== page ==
Pence aide out of running to be Trump’s next chief of staff

WASHINGTON — President Donald Trump’s top pick to replace chief of staff John Kelly, Nick Ayers, is no longer expected to fill the role.

Ayers, who is chief of staff to Vice-President Mike Pence, was seen as the favourite for the job when Trump announced Saturday that Kelly would leave around year’s end. But a White House official said Sunday that Trump and Ayers could not reach agreement on Ayers’ length of service and that he would instead assist the president from outside the administration.

Ayers confirmed the decision in a tweet Sunday, thanking Trump and Pence for giving him the opportunity to work in the White House. “I will be departing at the end of the year but will work with the #MAGA team to advance the cause,” he said.

It was not immediately clear whether Trump had a new favourite for the post. The official was not authorized to discuss the personnel issue by name and spoke on condition of anonymity.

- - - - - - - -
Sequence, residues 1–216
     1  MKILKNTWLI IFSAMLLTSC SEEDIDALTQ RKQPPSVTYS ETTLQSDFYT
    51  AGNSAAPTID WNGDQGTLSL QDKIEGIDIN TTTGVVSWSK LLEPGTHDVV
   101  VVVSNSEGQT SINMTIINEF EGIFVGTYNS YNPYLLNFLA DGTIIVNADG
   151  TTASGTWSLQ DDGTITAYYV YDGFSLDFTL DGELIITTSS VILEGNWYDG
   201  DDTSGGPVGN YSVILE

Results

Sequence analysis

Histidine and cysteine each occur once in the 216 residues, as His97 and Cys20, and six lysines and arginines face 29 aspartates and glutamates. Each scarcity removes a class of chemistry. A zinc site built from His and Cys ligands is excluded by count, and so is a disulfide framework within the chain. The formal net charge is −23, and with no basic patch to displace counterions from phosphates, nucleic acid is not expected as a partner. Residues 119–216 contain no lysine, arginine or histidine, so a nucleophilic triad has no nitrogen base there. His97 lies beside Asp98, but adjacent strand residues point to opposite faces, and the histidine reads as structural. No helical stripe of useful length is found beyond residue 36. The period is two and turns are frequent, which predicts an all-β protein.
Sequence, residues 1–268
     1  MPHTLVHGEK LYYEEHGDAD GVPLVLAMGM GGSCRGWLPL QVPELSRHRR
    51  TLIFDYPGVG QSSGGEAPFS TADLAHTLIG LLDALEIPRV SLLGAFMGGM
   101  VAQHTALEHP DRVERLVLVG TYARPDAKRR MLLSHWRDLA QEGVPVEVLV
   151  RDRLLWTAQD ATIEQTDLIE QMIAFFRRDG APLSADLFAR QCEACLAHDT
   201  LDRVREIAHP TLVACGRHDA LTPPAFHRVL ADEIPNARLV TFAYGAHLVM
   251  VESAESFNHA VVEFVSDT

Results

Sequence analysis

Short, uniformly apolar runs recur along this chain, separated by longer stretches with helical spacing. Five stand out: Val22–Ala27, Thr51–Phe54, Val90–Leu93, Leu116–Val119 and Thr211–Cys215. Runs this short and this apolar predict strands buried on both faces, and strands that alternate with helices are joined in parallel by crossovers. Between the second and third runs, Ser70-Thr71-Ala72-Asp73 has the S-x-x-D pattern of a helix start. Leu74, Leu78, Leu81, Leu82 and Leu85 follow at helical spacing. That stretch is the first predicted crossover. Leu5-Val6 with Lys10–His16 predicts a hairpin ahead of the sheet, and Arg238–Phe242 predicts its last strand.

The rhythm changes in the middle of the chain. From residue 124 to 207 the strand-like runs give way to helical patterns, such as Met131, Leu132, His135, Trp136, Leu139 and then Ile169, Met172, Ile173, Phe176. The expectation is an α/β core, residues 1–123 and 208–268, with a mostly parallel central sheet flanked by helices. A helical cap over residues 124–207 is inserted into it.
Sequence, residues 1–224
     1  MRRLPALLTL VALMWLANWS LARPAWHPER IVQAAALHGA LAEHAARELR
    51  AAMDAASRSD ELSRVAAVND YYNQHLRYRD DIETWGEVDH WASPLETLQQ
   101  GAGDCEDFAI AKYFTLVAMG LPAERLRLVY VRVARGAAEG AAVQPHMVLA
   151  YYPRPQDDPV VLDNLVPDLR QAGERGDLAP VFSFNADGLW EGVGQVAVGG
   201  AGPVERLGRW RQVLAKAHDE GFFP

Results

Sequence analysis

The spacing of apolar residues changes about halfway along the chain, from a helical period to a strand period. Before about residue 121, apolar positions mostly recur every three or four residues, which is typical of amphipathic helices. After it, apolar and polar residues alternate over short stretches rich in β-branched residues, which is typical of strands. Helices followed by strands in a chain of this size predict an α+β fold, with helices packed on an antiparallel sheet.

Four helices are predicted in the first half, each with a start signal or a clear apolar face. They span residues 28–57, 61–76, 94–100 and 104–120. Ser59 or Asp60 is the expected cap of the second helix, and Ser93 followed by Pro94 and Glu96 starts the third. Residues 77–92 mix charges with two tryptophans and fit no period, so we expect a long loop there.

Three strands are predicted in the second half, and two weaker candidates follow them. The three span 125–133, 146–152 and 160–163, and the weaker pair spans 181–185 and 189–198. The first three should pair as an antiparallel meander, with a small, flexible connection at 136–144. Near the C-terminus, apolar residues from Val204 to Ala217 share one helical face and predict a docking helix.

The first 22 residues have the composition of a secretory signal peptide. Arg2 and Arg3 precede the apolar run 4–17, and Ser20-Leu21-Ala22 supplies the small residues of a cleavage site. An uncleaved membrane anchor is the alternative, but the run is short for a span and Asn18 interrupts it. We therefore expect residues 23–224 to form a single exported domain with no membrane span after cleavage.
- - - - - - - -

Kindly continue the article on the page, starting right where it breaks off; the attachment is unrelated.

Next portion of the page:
Ayers and Trump had discussed the job for months. The new hire was to be key to a West Wing reshuffling to shift focus toward the 2020 re-election campaign and the challenge of governing with Democrats in control of the House.

Trump wants his next chief of staff to hold the job through the 2020 election, the official said. Ayers, who has young triplets, had long planned to leave the administration at the end of the year, and had only agreed to serve in an interim basis through next spring.

Ayers will run a pro-Trump super PAC, according to a person familiar with his plans who was not authorized to discuss them by name.

Trump said Saturday that he expected to announce a replacement for Kelly in a day or two.

With Ayers out of the running, Trump is considering four candidates for the post, including Office of Management and Budget director Mick Mulvaney, according to a person familiar with the president’s thinking. He is to make a decision by the end of the year, said the person, was not authorized to discuss the personnel issue by name.

Kelly, whose last day on the job is set to be Jan. 2, had been credited with imposing order on a chaotic West Wing after his arrival in June 2017 from his post as homeland security secretary. But his iron first also alienated some longtime Trump allies, and over time he grew increasingly isolated, with an increasingly diminished role.

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